The production of IL-8 in SGC-7901 cells treated with 25 EU/mL H pyloriSS1-LPS for 0, 30 or 60 min in the absence or presence of pretreatment for 1 h with 107 CFU/mL viable LBG or 10-2 mg/mL LBG-S was almost undetectable (Table (Table2).2). No significant difference in these data was possibly attributed to their extremely small value. Thirty or 60 min of treatment with H pyloriSS1-LPS might be too short for SGC-7901 cells to produce enough IL-8 for ELISA, because cytokine production usually is posterior to the process of corresponding signal transduction. If we detected IL-8 mRNA in SGC-7901 cells using the retro-transcriptional polymerase chain reaction, results at 30 min or 60 min should have been significantly higher than those at 0 min. Only 120 min of treatment with 25 EU/mL H pyloriSS1-LPS augmented IL-8 production in SGC-7901 cells (Table (Table2),2), which was, however, down-regulated by pretreatment for 1 h with 107 CFU/mL viable LBG or 10-2 mg/mL LBG-S (Table (Table22).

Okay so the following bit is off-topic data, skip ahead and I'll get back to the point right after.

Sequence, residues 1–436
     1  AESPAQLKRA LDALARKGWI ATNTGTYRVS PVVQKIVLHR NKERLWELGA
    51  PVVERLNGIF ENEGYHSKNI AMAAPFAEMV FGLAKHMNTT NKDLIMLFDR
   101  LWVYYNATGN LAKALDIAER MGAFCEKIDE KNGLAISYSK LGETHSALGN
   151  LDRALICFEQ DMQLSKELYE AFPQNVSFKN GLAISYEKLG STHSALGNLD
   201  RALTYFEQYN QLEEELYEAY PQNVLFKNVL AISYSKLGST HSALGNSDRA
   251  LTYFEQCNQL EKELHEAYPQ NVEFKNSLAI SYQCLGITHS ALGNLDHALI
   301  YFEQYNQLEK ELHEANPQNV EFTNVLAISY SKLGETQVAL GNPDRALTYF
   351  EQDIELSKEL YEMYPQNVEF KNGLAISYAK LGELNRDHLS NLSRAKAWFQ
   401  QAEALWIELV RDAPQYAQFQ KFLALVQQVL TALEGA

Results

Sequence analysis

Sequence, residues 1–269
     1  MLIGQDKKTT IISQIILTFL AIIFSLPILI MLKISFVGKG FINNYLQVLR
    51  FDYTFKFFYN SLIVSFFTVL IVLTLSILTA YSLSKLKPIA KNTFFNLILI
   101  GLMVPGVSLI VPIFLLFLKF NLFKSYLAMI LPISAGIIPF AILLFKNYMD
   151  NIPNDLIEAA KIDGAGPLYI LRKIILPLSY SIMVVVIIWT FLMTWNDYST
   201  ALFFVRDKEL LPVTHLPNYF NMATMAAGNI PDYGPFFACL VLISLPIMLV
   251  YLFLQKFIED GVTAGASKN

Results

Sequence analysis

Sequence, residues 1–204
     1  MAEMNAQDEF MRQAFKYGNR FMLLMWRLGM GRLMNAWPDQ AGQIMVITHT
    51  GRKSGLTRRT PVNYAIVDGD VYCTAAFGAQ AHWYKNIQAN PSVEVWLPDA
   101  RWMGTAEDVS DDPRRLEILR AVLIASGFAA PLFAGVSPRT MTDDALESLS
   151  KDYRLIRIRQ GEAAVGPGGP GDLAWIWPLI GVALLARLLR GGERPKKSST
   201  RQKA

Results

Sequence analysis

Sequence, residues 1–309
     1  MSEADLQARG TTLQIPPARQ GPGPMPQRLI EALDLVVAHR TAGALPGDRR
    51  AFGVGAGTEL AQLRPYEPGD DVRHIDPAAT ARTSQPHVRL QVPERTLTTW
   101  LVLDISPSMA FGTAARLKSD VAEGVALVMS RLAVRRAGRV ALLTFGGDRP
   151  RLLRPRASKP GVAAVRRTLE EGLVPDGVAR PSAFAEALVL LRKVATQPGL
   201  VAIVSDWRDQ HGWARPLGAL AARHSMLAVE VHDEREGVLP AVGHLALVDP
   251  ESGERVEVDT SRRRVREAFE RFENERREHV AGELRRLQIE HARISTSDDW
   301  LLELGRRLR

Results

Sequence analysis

H pylori have recently been considered an indigenous biota of human stomach and a dominant niche in gastric microecology including Lactobacilli and Sacharomyces with the capability of cross-species communication[17-19]. There is evidence that Helicobacter species are ancient inhabitants of human stomachs for at least 60 000 years which have co-evolved with the host and developed their excellent adaption to humans[20,21]. Though the vast majority of people in developing countries carry H pylori, most of them have no clinical manifestations at all. More and more observations are consistent with the hypothesis that H pylori have both pathogenetic and symbiotic features, thus relatively balance their cost and benefit[23,24]. Changes in life style and sanitation conditions cause a probable disturbance of gastric microecology, which plays a more important role in the pathogenetic mechanism of H pylori in the modern era[25,26]. Therefore, eradiation of H pylori does not seem justified for all individuals, especially children. These findings lead to the speculation that we are supposed to domesticate H pylori through restoring the homeostasis of the gastric microecosystem. It was reported that administration of exogenous Lactobacilli has therapeutic effects on H pylori-associated diseases by interfering with the pathogenetic progress of H pylori[27-30]. Inhibition of H pylori-induced proinflammatory factor production by Lactobacilli is a very important aspect. It has been demonstrated that Lactobacilli abrogate H pylori-mediated IL-8 release in vitro and in vivo[31,32]. A large body of evidence has shown that H pylori-LPS-induced inflammation in gastric mucosa has nearly the same pathological characteristics as the mucosal inflammation initiated by H pylori infection[6,7]. Bhattacharyya et al reported that pretreatment with LPS inhibitor greatly attenuated H pylori extract-mediated gastric mucosal inflammation, suggesting that H pylori-LPS may be a major virulent factor for H pylori-associated mucosal inflammation, which urged us to research the effect of Lactobacilli on H pylori-LPS-induced IL-8 production. It has been documented that H pylori-LPS induces mucosal inflammation including IL-8 production via TLR4 signaling. In brief, H pylori-LPS is recognized by TLR4 of the gastric epithelium, and then activates interleukin-1 receptor- associated kinase, tumor necrosis factor receptor-associated factor-6, TAK1 and TAK1-binding protein 1/2, p38MAPK and NF-κB at last in a cascade mechanism[7,9]. However, whether Lactobacilli have the capability of inhibiting H pylori-LPS-activated TLR4 pathway through interacting with gastric epithelia directly has not been extensively researched. Our findings demonstrate that viable LBG and LBG-S can prevent TLR4 signaling activation and IL-8 production mediated by H pyloriSS1-LPS in SGC-7901 cells, which strongly supports the hypothesis that some soluble proteins secreted by LBG and (or) somatic constituents of LBG exert inhibitory effects on the TLR4 pathways in SGC-7901 cells treated with H pyloriSS1-LPS. Yan et al reported that Lactobacillus rhamnosus GG (LGG) or supernatant recovered from LGG culture MRS broth (LGG-S) ameliorated apoptosis of young adult mouse colon cells treated with tumor necrosis factor α (TNF-α), interferon-γ or interleukin-1α through blocking p38MAPK and stress-activated protein kinase/c-Jun amino-terminal kinase pathway. In addition, they have identified two proteins in LGG-S with molecular sizes of 80 and 42 kDa, which may be possible substantial effectors in LGG-S. In a recent study, they purified the two proteins from LGG-S again, ultimately determined their molecular weight as 75 and 40 kDa, and named them p75 and p40 respectively. Their results demonstrate that both p75 and p40 can inhibit TNF-α-induced apoptosis of intestinal epithelia and promote cell growth through activating Akt. LBG-S in our experiment probably contained the similar or even same proteins, which could intervene in H pyloriSS1-LPS-activated TLR4 signaling through modulating other pathways in SGC-7901 cells. Further study is needed to evaluate the hypothesis. In the purification and characterization of the aforementioned potential soluble proteins secreted by LBG, we also detected the effect of heat-killed LBG (hk-LBG) on H pyloriSS1-LPS-activated TLR4 signaling for evaluating the presumption that some somatic constituents of LBG may inhibit the effect of H pyloriSS1-LPS. The incomplete data indicate that hk-LBG could also disrupt the H pyloriSS1-LPS-activated TLR4 pathway. Nevertheless, the effect of hk-LBG was obviously smaller than that of viable LBG at the same concentration.